September 9, 2012
Homeschool or Public School
In 2010, there were more than 1.5 million students being home-schooled (O’Shaughnessy, 2010), while 49.5 million students made up the public school system that same year (Nces.ed.gov, 2012). Public school has the numbers, but does it have the success? While analyzing these two options of schooling, it will be made apparent which system has the advantage. Although homeschooling and public school have similarities in curriculum, they differ in cost, social interaction of students, and overall rates of academic achievement.
Overall, parents who homeschool spent a median of $400 to $599 on their school supplies in the 2007-2008 school year. The lowest amount spent that year was less than $200, and the most money spent on homeschool supplies was over $2000(academic leadership journal). These prices can come from the multiple pre-set curriculum options available and finding a curriculum on their own that fits their needs. The price also includes any supplies, such as pencils and paper. Some prices for pre-set curriculums include: the Alpha Omega Lifepac 5 Subject Mega Kit for any grade, costing at $258.26 from Christianbook.com. The Switched-on School House 5 Subject kit for any grade costs $395.99, also found on Christianbooks.com. For subscriptions to websites that offer homeschooling curriculums and activities the prices range from $300 to $399 retail value on homeschoolbuyersco-op.org. This website offers discounts on homeschool curriculums.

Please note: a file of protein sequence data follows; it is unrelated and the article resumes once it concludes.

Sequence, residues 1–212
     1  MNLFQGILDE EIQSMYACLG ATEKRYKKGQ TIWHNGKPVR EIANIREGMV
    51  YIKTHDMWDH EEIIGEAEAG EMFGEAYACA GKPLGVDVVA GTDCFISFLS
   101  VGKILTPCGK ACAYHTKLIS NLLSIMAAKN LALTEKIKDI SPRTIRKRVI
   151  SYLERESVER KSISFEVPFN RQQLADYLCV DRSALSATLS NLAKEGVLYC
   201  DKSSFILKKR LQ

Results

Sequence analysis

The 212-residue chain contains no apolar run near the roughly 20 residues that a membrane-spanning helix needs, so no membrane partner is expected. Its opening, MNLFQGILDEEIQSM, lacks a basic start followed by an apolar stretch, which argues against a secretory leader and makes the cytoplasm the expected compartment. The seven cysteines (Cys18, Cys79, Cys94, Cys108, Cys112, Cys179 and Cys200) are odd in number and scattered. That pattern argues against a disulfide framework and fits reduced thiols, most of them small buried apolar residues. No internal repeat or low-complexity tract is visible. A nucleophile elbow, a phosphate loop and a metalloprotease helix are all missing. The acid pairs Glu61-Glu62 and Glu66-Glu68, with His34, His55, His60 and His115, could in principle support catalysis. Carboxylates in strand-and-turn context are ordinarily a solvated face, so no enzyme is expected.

After looking at the costs of each system, parents are likely to be interested in seeing if the money spent is being put to good use. In looking at test scores and the success rates of college students, there is a clear difference between home-schooling and public school. On average, home schooled students scored in the 88th percentile for standardized achievement tests of the core studies, while